beg the question

beg the question

verb (used with object), begged, beg·ging.

  1. to ask for as a gift, as charity, or as a favor: to beg alms; to beg forgiveness.
  2. to ask (someone) to give or do something; implore: He begged me for mercy. Sit down, I beg you.
  3. to take for granted without basis or justification: a statement that begs the very point we’re disputing.
  4. to fail or refuse to come to grips with; avoid; evade: a report that consistently begs the whole problem.

verb (used without object), begged, beg·ging.

  1. to ask alms or charity; live by asking alms.
  2. to ask humbly or earnestly: begging for help; begging to differ.
  3. (of a dog) to sit up, as trained, in a posture of entreaty.

Verb Phrases

  1. beg off, to request or obtain release from an obligation, promise, etc.: He had promised to drive us to the recital but begged off at the last minute.

  1. beg the question, to assume the truth of the very point raised in a question.
  2. go begging, to remain open or available, as a position that is unfilled or an unsold item: The job went begging for lack of qualified applicants.

verb begs, begging or begged

  1. (when intr , often foll by for) to solicit (for money, food, etc), esp in the street
  2. to ask (someone) for (something or leave to do something) formally, humbly, or earnestlyI beg forgiveness; I beg to differ
  3. (intr) (of a dog) to sit up with forepaws raised expectantly
  4. to leave unanswered or unresolvedto beg a point
  5. beg the question
    1. to evade the issue
    2. to assume the thing under examination as proved
    3. to suggest that a question needs to be askedthe firm’s success begs the question: why aren’t more companies doing the same?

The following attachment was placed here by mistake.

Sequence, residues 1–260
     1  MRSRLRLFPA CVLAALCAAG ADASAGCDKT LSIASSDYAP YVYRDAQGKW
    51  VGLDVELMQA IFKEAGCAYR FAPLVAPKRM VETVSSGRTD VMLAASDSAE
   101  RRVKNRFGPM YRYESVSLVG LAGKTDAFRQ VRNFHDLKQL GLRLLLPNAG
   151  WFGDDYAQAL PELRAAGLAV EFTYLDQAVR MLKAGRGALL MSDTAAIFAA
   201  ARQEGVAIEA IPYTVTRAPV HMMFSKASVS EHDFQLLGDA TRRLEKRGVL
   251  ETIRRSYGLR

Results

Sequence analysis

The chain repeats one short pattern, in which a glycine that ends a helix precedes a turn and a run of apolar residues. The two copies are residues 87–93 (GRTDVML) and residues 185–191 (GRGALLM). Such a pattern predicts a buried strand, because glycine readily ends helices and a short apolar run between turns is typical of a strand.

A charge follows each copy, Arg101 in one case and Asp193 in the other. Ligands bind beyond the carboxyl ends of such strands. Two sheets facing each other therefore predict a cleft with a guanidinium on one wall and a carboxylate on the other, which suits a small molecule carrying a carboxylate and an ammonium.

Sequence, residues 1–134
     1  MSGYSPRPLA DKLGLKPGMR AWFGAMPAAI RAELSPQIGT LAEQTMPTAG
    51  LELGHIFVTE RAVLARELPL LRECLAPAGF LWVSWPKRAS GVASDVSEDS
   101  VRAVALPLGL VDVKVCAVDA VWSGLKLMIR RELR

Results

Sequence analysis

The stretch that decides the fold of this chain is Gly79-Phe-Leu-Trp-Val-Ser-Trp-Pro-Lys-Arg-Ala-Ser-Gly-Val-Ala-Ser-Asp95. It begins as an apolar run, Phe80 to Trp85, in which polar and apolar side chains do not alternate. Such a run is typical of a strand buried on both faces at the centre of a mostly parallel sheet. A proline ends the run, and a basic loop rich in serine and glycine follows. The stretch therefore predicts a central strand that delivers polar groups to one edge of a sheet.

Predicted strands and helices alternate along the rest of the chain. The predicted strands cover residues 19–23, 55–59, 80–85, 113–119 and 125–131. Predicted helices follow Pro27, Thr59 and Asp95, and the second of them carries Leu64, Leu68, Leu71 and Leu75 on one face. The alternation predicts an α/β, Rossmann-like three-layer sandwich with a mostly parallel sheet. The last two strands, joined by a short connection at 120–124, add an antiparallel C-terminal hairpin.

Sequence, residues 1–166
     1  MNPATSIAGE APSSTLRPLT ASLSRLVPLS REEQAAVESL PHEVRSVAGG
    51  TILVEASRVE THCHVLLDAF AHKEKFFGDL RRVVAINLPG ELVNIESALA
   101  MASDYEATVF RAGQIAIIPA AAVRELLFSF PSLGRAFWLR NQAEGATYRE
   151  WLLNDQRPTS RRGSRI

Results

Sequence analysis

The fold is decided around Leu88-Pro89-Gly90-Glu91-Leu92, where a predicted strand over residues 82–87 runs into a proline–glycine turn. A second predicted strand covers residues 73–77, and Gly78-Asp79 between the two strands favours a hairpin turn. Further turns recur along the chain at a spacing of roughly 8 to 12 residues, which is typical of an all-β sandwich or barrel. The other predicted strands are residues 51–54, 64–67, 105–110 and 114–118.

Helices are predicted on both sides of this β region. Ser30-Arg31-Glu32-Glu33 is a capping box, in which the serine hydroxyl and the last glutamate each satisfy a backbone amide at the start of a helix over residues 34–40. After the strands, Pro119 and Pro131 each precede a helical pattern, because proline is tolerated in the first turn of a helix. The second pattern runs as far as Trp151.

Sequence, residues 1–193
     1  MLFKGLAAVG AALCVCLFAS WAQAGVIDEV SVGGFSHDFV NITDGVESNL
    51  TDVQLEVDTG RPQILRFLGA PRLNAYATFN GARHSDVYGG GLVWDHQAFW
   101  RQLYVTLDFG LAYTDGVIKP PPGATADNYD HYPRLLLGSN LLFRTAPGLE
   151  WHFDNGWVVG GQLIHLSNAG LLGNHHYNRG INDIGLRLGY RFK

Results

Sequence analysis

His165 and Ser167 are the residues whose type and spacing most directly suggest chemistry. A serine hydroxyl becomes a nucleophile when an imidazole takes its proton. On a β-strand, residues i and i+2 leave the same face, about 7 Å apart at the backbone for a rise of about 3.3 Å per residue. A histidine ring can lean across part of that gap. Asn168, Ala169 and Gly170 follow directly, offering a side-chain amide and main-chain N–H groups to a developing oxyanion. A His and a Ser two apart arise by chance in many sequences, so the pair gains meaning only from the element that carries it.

6. go begging or go a-begging to be unwanted or unused


  1. a variant of bey

c.1200, perhaps from Old English bedecian “to beg,” from Proto-Germanic *beth-; or possibly from Anglo-French begger, from Old French begart (see beggar). The Old English word for “beg” was wædlian, from wædl “poverty.” Of trained dogs, 1816.

As a courteous mode of asking (beg pardon, etc.), first attested c.1600. To beg the question translates Latin petitio principii, and means “to assume something that hasn’t been proven as a basis of one’s argument,” thus “asking” one’s opponent to give something unearned, though more of the nature of taking it for granted without warrant.

To assume what has still to be proved: “To say that we should help the region’s democratic movement begs the question of whether it really is democratic.”

Take for granted or assume the truth of the very thing being questioned. For example, Shopping now for a dress to wear to the ceremony is really begging the question—she hasn’t been invited yet. This phrase, whose roots are in Aristotle’s writings on logic, came into English in the late 1500s. In the 1990s, however, people sometimes used the phrase as a synonym of “ask the question” (as in The article begs the question: “What are we afraid of?”).

In addition to the idioms beginning with beg

  • beginning of the end, the
  • begin to see daylight
  • begin to see the light
  • begin with
  • beg off
  • beg the question
  • beg to differ

also see:

  • go begging

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